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System reconstruction in Australia is long overdue

By Klaas Woldring - posted Friday, 3 January 2014

There are already rumblings in the ranks of the Liberal Party and between Coalition partners since the election in September 2013. That is not surprising considering that in recent polls the Coalition has ceased to be the preferred government, even before their first 100 days in office. Yet, only recently did Australians also experience amazing leadership tensions and changes generated by factions in the ALP.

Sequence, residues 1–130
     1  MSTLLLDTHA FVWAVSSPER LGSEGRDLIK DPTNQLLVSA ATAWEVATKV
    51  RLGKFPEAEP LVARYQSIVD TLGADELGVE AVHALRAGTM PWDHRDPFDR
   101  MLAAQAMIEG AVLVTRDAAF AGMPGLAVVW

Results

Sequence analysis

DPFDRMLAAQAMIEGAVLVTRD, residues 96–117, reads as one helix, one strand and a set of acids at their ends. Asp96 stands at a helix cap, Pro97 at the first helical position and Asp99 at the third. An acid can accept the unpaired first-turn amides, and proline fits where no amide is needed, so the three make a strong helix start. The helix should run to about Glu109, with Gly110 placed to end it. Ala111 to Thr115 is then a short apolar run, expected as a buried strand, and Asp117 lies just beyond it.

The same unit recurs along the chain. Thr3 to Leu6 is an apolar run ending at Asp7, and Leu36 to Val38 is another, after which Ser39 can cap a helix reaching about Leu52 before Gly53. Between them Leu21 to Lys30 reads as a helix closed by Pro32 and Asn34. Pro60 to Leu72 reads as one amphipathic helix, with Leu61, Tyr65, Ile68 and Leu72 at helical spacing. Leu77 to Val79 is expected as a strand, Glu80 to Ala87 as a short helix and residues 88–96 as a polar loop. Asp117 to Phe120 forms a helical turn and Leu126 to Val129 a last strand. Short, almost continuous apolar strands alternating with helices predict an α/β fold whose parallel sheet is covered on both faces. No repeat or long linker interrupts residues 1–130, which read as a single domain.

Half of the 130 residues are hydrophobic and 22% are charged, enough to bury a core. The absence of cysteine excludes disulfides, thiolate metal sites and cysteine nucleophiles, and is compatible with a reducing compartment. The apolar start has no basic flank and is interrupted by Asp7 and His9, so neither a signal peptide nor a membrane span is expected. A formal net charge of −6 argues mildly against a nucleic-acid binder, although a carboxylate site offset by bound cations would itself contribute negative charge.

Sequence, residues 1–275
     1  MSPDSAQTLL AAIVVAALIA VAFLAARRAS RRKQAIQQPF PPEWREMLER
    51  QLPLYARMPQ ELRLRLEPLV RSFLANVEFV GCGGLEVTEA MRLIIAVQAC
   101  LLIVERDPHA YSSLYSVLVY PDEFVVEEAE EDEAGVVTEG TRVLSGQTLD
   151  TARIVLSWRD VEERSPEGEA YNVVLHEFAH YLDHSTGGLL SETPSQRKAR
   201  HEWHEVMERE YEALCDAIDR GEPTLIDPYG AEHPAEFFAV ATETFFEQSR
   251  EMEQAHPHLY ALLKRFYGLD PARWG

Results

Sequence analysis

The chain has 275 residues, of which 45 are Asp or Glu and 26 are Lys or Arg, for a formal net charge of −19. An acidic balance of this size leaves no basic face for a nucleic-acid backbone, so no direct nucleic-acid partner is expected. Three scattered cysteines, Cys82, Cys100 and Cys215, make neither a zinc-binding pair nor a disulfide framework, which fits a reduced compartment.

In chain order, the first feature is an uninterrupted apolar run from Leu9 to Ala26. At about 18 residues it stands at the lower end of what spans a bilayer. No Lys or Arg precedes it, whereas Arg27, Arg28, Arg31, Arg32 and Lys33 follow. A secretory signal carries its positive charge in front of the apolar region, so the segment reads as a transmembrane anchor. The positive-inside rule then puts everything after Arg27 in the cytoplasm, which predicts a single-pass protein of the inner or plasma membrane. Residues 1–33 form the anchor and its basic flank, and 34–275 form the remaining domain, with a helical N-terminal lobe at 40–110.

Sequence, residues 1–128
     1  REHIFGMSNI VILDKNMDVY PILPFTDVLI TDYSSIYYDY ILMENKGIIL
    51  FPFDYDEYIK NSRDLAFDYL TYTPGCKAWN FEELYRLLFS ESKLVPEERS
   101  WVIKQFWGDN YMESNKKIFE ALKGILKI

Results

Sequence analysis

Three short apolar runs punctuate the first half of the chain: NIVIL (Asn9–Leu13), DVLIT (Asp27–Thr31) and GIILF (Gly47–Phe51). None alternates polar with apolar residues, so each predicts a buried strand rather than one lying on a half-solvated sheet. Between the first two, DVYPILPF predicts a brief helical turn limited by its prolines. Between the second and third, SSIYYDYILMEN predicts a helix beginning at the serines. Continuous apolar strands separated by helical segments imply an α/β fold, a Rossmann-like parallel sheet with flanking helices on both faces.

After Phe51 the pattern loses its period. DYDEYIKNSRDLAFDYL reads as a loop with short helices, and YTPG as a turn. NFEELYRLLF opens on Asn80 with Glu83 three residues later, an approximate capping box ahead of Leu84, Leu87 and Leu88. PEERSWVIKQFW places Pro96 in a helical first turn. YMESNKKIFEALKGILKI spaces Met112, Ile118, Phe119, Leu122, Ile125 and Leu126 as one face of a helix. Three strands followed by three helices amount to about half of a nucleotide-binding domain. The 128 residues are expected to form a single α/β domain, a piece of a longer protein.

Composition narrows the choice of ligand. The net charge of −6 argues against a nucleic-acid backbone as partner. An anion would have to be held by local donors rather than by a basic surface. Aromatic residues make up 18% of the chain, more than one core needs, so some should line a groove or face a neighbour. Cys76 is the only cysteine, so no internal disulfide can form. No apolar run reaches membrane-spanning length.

Voters have just been treated to Abbott's mind blowing triple backflip on Gonski. A growing number are already disenchanted with the Government's "performance" on environmental policies, foreign affairs, asylum seekers and public debt ceiling limit increases. An entire parliamentary period of three years discontentment now lies ahead. In a two-party system, always characterised by a lack of flexibility, and the endless unproductive blame game, the usual remedy is massive and lengthy public protest until the next election. However, is it really a remedy or could the next election see a repeat but then by the other major party? Do we need the adversarialism of the Westminster legacy at all? This country could move toward a multi-party system that provides diverse, democratic representation. That ensures the flexibility to arrive at functional parliamentary majorities. Is Australia ready now for a debate on alternatives that actually suits this society and makes parliaments productive? That could be energy much well spent.